Sanjay Kumar of the Centre for the Study of Developing Societies contended that the party has harmed itself by not thinking “about the national context” before including such contentious issues in its manifesto. “They could have just kept silent and made these changes if voted to power,” he said.

Kumar pointed out that the controversy has shifted attention away from the party’s other key promises. “They have given the BJP the ammunition just ahead of the Lok Sabha election,” he added.

‘It is a courageous move’

Rajeev Gowda, convener of the Congress’s manifesto committee, dismissed the suggestion that the party has played a bad hand.

He pointed out that the BJP had promised to relax AFSPA during its 2014 Assembly election campaign in Jammu and Kashmir while the Modi government has lifted it from several areas in the North East. So, he argued, “the people are not buying” the BJP’s outrage.

“Our agenda is about freedom for the media, students and anyone else who wishes to speak against the government,” Gowda said. “The sedition law has been misused a lot in the last five years. If anyone is accused of waging war against India, then we have laws such as Defence of India Act and Unlawful Activities Prevention Act to deal with them. Why are we still sticking to an archaic law like sedition?”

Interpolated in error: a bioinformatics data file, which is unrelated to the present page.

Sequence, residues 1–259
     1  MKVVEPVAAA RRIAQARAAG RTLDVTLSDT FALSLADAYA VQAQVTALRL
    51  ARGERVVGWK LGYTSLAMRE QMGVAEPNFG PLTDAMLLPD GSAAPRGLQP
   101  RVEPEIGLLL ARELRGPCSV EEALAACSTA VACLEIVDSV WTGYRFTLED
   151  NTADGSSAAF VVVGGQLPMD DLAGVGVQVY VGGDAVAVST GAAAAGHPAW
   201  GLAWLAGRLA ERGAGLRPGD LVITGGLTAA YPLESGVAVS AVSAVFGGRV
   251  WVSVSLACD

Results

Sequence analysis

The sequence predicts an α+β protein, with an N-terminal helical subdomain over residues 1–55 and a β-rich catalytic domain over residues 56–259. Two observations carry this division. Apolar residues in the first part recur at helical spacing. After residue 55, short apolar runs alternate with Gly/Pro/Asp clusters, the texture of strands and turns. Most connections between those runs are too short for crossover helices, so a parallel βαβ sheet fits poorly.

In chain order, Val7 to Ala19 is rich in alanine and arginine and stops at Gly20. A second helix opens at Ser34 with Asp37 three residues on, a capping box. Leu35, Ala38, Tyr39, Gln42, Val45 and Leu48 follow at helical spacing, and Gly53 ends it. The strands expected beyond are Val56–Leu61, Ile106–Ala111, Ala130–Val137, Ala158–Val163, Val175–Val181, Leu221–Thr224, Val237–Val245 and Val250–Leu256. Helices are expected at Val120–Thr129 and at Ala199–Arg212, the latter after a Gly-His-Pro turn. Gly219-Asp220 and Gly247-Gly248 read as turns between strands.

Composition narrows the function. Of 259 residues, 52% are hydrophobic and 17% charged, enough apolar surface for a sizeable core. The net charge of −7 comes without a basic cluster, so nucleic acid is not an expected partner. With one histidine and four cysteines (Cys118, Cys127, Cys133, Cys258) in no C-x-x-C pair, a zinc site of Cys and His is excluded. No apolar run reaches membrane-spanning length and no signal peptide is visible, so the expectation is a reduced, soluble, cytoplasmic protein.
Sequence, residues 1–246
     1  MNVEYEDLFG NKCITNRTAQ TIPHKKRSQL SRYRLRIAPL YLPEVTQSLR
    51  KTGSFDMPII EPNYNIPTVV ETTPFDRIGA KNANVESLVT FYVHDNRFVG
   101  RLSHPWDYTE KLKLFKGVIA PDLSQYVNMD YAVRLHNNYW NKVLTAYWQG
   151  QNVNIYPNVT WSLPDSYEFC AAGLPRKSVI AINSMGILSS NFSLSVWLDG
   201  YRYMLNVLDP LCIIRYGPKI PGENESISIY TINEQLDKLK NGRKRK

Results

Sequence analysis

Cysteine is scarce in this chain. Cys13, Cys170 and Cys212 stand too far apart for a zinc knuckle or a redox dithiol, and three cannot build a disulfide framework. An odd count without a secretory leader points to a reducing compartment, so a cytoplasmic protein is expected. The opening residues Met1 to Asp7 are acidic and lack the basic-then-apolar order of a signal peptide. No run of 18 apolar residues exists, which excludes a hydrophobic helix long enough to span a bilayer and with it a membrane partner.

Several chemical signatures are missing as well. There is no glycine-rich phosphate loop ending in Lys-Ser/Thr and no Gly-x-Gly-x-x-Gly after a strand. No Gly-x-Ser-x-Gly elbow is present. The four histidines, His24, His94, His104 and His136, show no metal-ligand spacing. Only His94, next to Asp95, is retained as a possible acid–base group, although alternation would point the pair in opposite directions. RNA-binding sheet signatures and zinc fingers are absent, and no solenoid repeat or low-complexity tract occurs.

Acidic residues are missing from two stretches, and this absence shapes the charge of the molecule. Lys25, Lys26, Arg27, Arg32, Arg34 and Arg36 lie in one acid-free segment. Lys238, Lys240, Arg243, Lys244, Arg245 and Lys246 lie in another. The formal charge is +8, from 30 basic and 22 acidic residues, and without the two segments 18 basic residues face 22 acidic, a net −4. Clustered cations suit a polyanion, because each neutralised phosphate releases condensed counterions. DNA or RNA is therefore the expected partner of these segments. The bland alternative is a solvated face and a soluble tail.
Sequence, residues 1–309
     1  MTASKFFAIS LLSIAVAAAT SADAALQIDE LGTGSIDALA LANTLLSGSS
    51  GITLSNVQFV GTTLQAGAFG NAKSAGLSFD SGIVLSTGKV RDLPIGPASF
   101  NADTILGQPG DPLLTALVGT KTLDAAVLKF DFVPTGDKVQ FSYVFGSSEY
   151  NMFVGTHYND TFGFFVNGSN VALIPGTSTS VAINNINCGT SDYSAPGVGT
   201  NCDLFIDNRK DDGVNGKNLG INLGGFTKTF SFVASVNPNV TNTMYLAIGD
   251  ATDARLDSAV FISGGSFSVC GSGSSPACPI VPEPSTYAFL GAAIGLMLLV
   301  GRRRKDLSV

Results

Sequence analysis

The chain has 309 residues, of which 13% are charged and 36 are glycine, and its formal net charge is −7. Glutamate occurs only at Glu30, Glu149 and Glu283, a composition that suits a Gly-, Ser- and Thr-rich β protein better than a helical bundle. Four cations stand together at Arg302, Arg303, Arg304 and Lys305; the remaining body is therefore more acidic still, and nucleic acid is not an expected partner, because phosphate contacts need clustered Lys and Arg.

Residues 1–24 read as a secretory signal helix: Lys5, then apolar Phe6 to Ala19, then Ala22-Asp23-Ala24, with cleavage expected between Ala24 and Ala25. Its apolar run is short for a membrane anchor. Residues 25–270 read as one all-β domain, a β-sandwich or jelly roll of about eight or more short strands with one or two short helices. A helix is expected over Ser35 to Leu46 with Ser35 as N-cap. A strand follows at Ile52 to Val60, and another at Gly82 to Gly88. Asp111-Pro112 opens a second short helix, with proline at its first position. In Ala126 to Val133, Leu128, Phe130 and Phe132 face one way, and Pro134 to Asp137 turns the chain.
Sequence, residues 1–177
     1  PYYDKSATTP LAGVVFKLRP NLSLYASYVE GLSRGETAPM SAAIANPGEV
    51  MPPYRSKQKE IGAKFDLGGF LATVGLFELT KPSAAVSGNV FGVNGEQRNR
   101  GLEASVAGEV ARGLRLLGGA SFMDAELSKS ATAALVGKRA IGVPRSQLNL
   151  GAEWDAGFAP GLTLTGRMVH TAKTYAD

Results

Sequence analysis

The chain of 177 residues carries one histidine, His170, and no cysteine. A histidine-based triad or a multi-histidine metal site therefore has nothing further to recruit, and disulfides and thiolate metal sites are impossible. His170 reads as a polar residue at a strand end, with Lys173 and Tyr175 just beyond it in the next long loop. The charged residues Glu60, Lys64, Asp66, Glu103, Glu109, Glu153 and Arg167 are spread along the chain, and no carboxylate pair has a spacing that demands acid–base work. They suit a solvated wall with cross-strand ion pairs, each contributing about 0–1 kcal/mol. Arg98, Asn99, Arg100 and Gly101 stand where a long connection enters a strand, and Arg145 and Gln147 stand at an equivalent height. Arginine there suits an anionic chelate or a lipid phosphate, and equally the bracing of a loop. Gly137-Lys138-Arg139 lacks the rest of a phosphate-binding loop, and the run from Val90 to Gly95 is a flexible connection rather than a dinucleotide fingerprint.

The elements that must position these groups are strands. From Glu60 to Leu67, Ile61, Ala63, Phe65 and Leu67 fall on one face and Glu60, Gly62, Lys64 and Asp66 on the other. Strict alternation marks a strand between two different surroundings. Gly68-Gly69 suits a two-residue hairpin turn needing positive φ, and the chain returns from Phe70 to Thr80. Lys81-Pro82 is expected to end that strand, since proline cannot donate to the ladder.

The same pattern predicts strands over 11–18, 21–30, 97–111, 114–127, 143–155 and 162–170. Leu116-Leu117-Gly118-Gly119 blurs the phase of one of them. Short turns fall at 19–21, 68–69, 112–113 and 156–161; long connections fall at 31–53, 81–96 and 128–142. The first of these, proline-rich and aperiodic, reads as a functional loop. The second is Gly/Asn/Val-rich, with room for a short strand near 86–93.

In any case, he said, the Congress has been speaking against the sedition law from before it was mentioned in the manifesto.

Some senior Congress leaders have indeed been criticising the colonial law. On January 16, former Union minister Kapil Sibal accused the Modi government of misusing the law and demanded that it be scrapped.

He was responding to the Delhi police charging with sedition former Jawaharlal Nehru University students, including Kanhaiya Kumar and Umar Khalid.

P Chidambaram weighed in by describing the sedition charges against the students as absurd.

After these two Congress leaders came out against the sedition law, Gowda recalled, “people called and asked us not to make it a poll promise”. “I spoke to Chidambaram then and he said that we should stick to our position that this is an archaic law which needs to go,” he added.

The Congress then made “a conscious choice”, Gowda said, to protect those who are “suffering or are being victimised”. “It is a courageous move,” he added. “AFSPA has also been misused in certain parts, leading to rape and torture. We want to bring an end to this and if the BJP does not want this, they should publicly say they are happy with rape and torture.”

In spite of the criticism, Gowda is confident that his party “will change the narrative” and put the focus of the election campaign back on “real issues affecting the common man”. “Why is the BJP picking up only these issues?” he asked. “Why aren’t they talking about the other promises made in our manifesto? They are aware that if they do, it would bring the focus back to jobs, economy and farm distress, which they are clearly avoiding.”